Due to China’s progress and the solidarity of its people, America’s threats have so far not had their intended effect on China. By contrast, given the current disagreements and other difficulties within the US government and society, a trade war may well add to America’s problems.
In a war of escalation, both sides would find it hard to back off. But the US has more to lose. The Chinese economy today is highly integrated with the world economy. The US is a large but declining market. If its trade threats have no effect, it will lose credibility as a hegemonic power.
What we have here is a game of strategic bluff, and China’s strategic determination and stamina to fight back are being tested. Whoever folds first will lose. This crisis can be compared with the South China Sea arbitration row between China and the Philippines. Experience shows that when China persistently counter-attacks and protects its rights, it can succeed in checking the US.
As a businessman, US President Donald Trump might try to negotiate at some point, while seeking the best price for the US. The Chinese countermoves are a way to keep this price as low as possible, while safeguarding Chinese sovereignty, security and developmental interests.
The trade row offers China a historic opportunity to shape a new world order.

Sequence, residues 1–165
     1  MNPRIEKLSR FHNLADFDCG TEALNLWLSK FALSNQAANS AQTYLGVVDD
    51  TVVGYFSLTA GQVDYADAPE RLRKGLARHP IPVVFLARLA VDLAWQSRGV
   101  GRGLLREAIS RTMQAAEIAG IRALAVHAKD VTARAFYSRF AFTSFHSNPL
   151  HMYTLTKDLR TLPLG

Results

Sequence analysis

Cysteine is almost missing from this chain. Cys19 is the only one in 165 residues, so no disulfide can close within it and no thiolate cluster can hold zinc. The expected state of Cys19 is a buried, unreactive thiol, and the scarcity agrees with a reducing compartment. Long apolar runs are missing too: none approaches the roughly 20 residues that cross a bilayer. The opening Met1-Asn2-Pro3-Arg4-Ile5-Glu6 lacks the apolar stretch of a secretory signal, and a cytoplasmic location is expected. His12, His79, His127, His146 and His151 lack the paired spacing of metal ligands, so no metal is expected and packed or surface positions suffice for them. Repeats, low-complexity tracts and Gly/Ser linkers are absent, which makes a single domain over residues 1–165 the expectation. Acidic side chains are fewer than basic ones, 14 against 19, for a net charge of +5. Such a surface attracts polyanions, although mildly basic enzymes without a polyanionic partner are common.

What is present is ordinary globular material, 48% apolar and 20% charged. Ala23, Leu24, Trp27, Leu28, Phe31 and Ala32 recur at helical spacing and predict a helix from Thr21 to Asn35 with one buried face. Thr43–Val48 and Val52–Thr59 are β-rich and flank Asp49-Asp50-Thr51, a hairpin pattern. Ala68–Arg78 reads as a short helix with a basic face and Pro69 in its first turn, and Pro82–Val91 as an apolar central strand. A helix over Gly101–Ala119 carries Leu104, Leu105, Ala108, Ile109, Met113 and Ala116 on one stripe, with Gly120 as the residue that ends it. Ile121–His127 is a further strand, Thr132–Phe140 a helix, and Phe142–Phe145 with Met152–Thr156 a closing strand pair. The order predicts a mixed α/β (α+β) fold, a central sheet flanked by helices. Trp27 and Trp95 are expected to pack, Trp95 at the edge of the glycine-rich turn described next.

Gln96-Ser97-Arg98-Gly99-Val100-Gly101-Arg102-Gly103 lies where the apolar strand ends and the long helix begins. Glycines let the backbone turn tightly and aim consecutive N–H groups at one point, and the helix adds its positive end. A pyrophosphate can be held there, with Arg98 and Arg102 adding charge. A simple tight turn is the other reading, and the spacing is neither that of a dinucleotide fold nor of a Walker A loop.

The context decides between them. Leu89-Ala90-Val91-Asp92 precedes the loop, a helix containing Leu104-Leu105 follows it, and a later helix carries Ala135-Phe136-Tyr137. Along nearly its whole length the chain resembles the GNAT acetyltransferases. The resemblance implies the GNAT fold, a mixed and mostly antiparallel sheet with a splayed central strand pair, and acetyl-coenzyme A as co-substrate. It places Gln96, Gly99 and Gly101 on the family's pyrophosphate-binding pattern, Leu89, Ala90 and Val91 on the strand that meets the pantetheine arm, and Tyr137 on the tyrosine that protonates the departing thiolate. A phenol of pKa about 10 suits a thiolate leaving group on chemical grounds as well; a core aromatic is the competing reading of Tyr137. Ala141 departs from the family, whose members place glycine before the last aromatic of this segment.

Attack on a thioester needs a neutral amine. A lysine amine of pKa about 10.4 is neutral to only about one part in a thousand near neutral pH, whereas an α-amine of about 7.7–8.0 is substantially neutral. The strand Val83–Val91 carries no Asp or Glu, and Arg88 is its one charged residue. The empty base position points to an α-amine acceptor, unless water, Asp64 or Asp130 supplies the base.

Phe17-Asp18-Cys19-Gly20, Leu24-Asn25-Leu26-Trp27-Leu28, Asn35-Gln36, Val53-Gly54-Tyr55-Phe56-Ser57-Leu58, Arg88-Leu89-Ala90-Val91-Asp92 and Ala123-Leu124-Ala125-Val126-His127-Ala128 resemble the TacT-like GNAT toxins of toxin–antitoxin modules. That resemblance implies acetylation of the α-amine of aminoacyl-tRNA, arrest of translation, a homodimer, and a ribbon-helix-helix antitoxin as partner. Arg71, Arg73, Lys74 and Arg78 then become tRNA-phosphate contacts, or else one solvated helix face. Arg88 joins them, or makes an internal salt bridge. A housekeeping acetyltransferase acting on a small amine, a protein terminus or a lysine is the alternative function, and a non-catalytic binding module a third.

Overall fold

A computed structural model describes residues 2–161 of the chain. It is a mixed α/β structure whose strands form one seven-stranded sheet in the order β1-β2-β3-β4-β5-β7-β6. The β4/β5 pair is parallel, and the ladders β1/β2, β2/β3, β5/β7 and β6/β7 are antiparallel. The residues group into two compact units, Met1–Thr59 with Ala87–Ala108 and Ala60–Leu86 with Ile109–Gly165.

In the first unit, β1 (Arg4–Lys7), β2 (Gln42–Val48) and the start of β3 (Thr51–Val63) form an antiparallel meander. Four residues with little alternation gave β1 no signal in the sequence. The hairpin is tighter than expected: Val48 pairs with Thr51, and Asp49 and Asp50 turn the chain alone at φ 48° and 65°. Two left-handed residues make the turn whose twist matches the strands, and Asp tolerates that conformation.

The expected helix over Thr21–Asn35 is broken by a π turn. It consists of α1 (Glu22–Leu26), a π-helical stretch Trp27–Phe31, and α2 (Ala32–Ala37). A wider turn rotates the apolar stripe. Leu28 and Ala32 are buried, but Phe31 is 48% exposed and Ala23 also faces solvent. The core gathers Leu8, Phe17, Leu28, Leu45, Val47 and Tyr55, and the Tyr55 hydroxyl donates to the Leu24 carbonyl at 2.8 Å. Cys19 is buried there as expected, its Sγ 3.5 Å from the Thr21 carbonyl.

First, by taking a positive approach, Beijing can show the world it is committed to free trade, and that it will abide by World Trade Organisation rules and a development ethos of mutual gain. The world will then know that the US is the troublemaker who breaks the rules and causes other countries to suffer losses.
Second, China can take the opportunity to overhaul domestic industries, enhance economic cooperation through its belt and road plan, and increase cooperation with economies outside the US, thus accelerating the formation of a new global economic order.
Third, based on this experience, China can forge a path for the formation of a “community of common destiny”, in the interest of lasting peace.
Fourth, China’s moves in response to the trade row and any related problems will offer indirect proof of the timeliness of its constitutional amendments, passed by the legislature in March. The crisis will also test the effectiveness of its governance system.
In short, how China meets the challenge of the trade war can provide an endorsement of the achievements and development potential of its governance system, after 40 years of reform and opening up. It is a historic test of its capability. China must overcome this hurdle if its rejuvenation is to materialise, and every Chinese must do his or her part.
The trade war is also happening at a time when the “Eastern global order”, which has been suppressed for centuries, is beginning to revive, to lead the next phase of globalisation. And China is at the pivot of such a transformation. Thus, the trade war may bring pain, but it is the pain of childbirth, as it will usher in a new age defined not just by China’s rejuvenation, but also by a community of common destiny for humankind.
Tian Feilong is an associate professor at Beihang University’s Law School in Beijing. This is translated from Chinese